Often, border officers encourage individuals to re-enter Canada and apply to extend their work permit online or on paper if there is still some validity left on the applicant’s work permit. In cases where an individual did apply from inside Canada to extend a work permit but they need to travel before a decision is received, an officer may use their discretion to issue a new work permit on re-entry or they could ask the applicant to enter Canada and wait for processing.

Who can apply at a port-of-entry?

If you are from a visa-exempt country, you may be eligible to make an application for a work permit, study permit or visitor record at a Canadian port-of-entry, if you have all of the required documentation. It is important to note that if your application is refused, you may not be granted entry to Canada or may be required to leave Canada within a short period of time (i.e. within 24 or 48 hours).

Individuals who want to apply for a visitor record, study permit or work permit can only do so at a port-of-entry if they are:

1. Visa-exempt foreign nationals seeking entry as a temporary resident;
2. Visa-exempt foreign nationals who meet the requirements to obtain a study permit;
3. Visa-exempt foreign nationals whose jobs do not require an LMIA; or
4. Visa-exempt foreign nationals who have a positive LMIA; or
5. Visa-exempt foreign nationals who want to confirm their permanent resident status document.

For those seeking entry as students or workers, make sure a medical has been completed, if required, well in advance of entry.

Don’t forget that you may also need an electronic travel authorization (“eTA”) if you are visa-exempt. See our previous blog post on eTAs for more information.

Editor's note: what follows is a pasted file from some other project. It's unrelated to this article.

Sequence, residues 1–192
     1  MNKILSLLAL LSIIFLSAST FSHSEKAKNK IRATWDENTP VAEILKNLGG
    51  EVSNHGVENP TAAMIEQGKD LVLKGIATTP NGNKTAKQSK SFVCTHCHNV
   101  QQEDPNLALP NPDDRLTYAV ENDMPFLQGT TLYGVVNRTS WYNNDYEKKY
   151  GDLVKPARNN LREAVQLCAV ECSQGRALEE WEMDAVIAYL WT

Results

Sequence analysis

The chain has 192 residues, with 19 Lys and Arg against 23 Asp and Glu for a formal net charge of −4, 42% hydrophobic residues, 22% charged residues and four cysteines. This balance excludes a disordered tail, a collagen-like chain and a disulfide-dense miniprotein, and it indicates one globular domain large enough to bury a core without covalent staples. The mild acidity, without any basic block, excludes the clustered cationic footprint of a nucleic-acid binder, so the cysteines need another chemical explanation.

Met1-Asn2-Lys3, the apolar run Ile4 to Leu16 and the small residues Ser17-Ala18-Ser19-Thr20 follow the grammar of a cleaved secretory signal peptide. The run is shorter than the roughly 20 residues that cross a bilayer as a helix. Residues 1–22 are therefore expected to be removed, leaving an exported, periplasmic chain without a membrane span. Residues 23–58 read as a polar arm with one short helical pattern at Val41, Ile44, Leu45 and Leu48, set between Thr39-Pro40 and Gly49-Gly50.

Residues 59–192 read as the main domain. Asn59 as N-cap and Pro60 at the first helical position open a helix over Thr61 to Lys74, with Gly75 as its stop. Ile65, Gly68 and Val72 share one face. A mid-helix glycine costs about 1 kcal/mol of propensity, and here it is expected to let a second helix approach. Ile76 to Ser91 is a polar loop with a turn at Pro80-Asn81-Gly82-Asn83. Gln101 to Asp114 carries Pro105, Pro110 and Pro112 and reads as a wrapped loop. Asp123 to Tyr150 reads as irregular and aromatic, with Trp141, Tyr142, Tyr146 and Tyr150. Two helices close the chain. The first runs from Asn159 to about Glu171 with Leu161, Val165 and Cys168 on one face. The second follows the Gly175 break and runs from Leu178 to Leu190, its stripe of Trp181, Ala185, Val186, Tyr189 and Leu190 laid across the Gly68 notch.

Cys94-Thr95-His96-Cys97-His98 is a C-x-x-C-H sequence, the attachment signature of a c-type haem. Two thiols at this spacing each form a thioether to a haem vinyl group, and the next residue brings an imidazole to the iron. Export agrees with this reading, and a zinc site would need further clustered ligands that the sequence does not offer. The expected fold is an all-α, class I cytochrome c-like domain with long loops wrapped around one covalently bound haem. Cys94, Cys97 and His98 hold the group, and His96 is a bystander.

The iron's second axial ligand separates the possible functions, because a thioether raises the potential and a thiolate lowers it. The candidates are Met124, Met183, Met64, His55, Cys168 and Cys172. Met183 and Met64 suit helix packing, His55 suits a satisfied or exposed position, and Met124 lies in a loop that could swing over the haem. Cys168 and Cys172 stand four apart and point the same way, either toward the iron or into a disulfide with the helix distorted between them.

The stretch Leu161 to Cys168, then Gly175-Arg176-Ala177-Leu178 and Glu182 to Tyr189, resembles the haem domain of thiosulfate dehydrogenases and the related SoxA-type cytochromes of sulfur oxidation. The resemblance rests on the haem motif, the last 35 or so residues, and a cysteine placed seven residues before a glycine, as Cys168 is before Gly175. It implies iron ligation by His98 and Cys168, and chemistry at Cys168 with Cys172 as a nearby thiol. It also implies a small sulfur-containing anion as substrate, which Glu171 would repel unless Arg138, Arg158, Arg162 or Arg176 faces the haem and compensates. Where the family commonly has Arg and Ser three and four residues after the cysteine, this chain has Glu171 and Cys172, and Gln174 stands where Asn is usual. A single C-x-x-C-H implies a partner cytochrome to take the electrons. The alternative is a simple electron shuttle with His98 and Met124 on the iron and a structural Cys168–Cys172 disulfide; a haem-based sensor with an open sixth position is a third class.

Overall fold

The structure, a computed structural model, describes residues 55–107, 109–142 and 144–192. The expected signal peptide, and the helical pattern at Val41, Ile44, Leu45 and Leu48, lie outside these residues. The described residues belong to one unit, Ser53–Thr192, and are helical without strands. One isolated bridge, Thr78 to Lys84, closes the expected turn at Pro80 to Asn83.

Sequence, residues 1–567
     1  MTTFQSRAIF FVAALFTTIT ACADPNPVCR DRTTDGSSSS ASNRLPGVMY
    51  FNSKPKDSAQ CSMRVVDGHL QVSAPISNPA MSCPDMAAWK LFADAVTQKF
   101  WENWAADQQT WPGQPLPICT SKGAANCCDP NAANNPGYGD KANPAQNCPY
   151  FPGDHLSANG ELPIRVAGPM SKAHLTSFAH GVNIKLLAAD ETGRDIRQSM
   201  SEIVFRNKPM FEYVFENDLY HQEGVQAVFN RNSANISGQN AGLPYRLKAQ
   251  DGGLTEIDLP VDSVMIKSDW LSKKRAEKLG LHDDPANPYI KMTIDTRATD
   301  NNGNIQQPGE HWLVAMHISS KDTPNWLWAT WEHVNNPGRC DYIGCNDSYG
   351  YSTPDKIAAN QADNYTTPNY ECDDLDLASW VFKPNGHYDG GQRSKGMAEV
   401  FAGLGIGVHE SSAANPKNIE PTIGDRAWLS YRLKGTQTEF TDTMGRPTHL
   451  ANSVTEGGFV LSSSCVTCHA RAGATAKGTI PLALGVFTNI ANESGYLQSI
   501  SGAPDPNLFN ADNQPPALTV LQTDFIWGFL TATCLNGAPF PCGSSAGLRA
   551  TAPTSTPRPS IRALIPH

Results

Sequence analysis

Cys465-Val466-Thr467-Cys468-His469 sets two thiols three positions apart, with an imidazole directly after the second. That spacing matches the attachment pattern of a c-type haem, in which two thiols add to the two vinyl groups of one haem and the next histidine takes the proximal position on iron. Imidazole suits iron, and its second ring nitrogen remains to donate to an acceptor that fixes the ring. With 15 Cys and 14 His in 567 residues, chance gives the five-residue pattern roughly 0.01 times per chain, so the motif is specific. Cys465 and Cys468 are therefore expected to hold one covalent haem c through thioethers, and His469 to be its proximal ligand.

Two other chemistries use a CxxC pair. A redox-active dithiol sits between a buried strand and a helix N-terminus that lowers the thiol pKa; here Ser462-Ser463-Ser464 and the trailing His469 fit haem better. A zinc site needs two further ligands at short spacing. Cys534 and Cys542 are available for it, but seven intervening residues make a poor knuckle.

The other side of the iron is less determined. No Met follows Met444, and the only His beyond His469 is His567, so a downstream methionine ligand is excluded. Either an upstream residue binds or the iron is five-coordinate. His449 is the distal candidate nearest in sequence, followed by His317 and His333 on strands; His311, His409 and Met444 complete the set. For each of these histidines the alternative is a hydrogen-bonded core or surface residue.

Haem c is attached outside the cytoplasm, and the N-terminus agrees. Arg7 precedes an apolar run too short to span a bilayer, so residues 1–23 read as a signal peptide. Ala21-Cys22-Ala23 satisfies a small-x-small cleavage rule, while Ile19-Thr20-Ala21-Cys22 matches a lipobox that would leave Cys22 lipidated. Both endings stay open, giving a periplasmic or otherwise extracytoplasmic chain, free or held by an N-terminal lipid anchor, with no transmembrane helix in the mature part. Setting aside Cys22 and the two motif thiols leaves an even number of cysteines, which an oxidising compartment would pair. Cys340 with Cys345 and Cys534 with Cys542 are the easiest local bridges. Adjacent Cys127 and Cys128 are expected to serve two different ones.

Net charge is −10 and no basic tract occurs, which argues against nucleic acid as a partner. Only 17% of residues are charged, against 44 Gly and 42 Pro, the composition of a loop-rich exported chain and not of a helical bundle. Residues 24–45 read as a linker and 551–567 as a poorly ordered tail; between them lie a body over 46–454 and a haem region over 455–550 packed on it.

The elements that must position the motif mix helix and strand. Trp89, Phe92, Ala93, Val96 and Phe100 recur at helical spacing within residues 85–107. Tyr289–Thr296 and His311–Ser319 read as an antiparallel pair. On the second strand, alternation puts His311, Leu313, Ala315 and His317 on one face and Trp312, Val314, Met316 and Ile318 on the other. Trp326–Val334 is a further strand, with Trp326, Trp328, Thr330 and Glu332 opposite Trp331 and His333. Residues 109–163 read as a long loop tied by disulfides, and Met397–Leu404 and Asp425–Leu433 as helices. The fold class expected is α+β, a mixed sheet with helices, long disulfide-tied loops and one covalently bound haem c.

Foreign nationals who need a temporary resident visa to enter Canada, but do not have a valid temporary resident visa, are exempted from the requirement to obtain a new visa under very limited circumstances, specifically, if they are seeking entry to Canada and:

1. Are returning from a visit to only the US or St. Pierre & Miquelon; and
2. Have a valid study or work permit that they held before they left Canada; or
3. Are validating their new permanent resident status.

Foreign nationals under this category have to re-enter Canada before their temporary status expires or they will not qualify for this special exemption and will likely be refused entry. Also, if an individual who requires a temporary resident visa leaves Canada and travels to a destination other than the US or St Pierre & Miquelon, they can no longer qualify for this exemption and will not be able to apply for a visitor record, study permit or work permit, nor confirm their permanent resident status when they return to Canada.

Maintaining Valid Status Documents

Ultimately, the best thing to do is to apply well in advance to extend your status documents so that you can avoid any interruptions if you need to travel outside of Canada while your extension is being processed. We suggest filing extension applications several months before the date your document will expire, if possible.

If you are considering flagpoling and are concerned about maintaining your status, our firm can assist you in the best strategy and prepare you for what may happen during a trip to the border.